At noon on Thursday, April 28, the Auburn University Cultural Music Society will perform a free concert at Jule Collins Smith Museum of Fine Art, Auburn University as a part of the museum’s weekly series, “A Little Lunch Music.” The performance is being sponsored by Anonymous Friends of the Series.

Sam Price co-founded and helps lead the student organization. He said the program will include sounds from the near East such as Iranian songs, Turkish music, and folk music from the Bengali region of India and Bangladesh. Western music featured will include a Hawaiian song about cowboys, music from Cuba, and a well-known US-American rock song interpreted using instruments from around the world. The group will also perform instrumental music composed by members of the group. Price sings for the group and will play several instruments including tabla, or Indian hand drums. Other instruments featured will be the Iranian santur, tar, and daf. The santur is a hammered dulcimer, the tar is a guitar-like stringed instrument, and the daf is a hand-held drum. Members also play conventional western instruments like piano and guitar.

Price said the Indian music featured will be different from what is usually presented by the Auburn Indian Music Ensemble, a university class that also performs for the series. He said this will be folk music from Bengal. The Bengali music sometimes resembles that of the Romani cultures of Eastern Europe, said Price. “It’s more like songs of poor people,” he said, comparing it to the more formal classical and semi-classical pieces presented by the Auburn Indian Music Ensemble. One song is of an indebted farmer working in the field. Another is from a fishing culture. He said it has a more tribal sound, visceral and earthy.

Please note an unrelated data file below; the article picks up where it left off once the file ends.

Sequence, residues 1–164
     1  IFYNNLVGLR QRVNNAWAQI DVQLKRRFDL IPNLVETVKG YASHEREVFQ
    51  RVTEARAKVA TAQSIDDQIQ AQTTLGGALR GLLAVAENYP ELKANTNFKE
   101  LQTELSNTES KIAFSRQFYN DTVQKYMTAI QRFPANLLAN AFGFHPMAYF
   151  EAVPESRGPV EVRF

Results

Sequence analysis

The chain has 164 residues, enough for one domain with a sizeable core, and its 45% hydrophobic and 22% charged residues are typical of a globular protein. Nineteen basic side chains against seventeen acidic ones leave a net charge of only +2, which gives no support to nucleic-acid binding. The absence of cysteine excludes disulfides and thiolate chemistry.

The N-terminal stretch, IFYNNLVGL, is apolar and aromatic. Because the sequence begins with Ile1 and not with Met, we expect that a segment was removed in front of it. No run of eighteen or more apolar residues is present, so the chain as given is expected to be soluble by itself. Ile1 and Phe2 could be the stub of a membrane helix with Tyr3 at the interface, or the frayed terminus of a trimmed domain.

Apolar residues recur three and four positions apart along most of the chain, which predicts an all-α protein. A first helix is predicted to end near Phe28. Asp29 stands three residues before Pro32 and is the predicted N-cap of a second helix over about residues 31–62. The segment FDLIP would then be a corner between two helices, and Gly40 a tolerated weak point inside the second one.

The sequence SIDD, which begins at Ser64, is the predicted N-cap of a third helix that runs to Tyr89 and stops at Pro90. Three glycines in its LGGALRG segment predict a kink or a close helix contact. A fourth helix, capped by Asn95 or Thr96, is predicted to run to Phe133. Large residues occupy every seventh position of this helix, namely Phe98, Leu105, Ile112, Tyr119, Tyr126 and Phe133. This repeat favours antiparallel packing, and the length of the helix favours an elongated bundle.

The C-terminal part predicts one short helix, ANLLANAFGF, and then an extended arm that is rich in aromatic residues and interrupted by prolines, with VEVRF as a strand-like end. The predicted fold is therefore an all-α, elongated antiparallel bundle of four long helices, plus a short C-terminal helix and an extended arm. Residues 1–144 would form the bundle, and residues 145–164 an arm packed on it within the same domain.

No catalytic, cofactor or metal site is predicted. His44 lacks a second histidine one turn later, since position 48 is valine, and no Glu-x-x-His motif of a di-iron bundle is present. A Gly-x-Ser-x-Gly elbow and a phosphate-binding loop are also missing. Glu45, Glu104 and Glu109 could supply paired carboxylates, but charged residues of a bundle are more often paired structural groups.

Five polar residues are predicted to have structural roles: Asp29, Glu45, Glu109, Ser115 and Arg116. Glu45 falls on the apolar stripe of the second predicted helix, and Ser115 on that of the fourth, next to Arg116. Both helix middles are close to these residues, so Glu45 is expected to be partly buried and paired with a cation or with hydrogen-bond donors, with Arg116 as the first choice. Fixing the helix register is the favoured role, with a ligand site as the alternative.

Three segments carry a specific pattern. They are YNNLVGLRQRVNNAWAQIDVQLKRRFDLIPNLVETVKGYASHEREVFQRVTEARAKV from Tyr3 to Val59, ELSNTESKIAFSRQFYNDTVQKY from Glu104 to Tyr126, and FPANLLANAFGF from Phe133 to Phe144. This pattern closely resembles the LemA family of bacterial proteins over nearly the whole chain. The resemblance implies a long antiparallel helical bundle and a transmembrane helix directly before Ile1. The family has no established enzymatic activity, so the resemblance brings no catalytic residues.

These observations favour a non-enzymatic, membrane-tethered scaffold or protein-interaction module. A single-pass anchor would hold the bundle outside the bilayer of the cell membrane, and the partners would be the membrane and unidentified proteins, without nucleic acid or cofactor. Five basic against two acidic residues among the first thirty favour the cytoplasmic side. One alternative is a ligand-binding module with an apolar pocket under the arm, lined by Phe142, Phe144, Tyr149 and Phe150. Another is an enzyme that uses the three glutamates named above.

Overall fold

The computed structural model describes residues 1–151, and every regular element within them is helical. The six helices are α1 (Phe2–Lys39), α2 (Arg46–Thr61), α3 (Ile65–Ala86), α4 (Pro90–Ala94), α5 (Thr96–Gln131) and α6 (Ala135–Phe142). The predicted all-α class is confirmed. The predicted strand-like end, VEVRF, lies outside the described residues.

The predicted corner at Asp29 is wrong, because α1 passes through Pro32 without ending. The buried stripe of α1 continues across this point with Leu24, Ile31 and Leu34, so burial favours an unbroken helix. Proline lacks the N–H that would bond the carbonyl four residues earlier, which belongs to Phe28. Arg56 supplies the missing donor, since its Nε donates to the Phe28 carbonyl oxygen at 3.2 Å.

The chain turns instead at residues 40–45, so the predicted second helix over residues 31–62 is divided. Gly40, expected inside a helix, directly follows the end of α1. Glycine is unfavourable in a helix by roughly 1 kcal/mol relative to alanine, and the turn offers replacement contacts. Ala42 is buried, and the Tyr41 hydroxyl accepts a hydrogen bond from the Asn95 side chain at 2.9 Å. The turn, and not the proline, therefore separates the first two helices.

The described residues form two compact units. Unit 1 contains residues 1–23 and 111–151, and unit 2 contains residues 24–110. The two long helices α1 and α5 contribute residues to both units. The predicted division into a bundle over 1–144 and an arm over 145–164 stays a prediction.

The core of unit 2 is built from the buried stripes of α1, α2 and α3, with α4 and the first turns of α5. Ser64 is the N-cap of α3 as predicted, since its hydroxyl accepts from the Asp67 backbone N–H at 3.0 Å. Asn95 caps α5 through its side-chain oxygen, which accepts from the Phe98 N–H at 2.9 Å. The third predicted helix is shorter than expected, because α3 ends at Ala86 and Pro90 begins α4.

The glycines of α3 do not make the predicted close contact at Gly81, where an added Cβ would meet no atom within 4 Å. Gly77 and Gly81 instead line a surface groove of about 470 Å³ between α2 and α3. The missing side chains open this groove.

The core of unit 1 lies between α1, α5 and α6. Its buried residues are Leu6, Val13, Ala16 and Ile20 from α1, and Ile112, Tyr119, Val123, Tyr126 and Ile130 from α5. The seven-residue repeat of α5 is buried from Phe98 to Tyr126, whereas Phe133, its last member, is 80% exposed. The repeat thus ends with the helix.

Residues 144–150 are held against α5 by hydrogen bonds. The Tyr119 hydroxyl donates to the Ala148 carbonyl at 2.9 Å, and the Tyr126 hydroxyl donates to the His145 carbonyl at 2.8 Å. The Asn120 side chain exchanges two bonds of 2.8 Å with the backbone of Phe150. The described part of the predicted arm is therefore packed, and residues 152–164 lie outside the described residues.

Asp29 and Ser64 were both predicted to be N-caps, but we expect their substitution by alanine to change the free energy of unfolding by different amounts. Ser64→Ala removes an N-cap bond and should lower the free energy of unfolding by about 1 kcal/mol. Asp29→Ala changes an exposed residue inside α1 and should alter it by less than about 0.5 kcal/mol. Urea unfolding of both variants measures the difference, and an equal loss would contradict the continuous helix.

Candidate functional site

There can be challenges working with people of different cultures toward a common goal, like a concert, said Price. Though English is the common language, he said members have to work to understand each others’ accents, expressions, and basic cultural assumptions. Mirroring members’ communication subtleties are the music’s own cultural nuances, said Price. “Sometimes different cultures’ rhythms don’t translate naturally,” he said. For instance, a certain kind of groove or rhythmic sequence in Turkish music might be different enough to make it very difficult to grasp by someone from the US. Price said one of the goals of the group is to help cultures understand each other. This applies to members of the group as well as audiences who hear the music. “We are using the music to kind of let those relationships get built,” said Price.

The Museum Café is open from 11 a.m. to 2 p.m. Tuesday through Friday. The music can sometimes be heard inside the café, or visitors can dine before or after the concerts. Admission to the fine art exhibitions is free courtesy of JCSM Business Partners. A suggested donation of $5 is appreciated. For more information, visit or call 334-844-1484.

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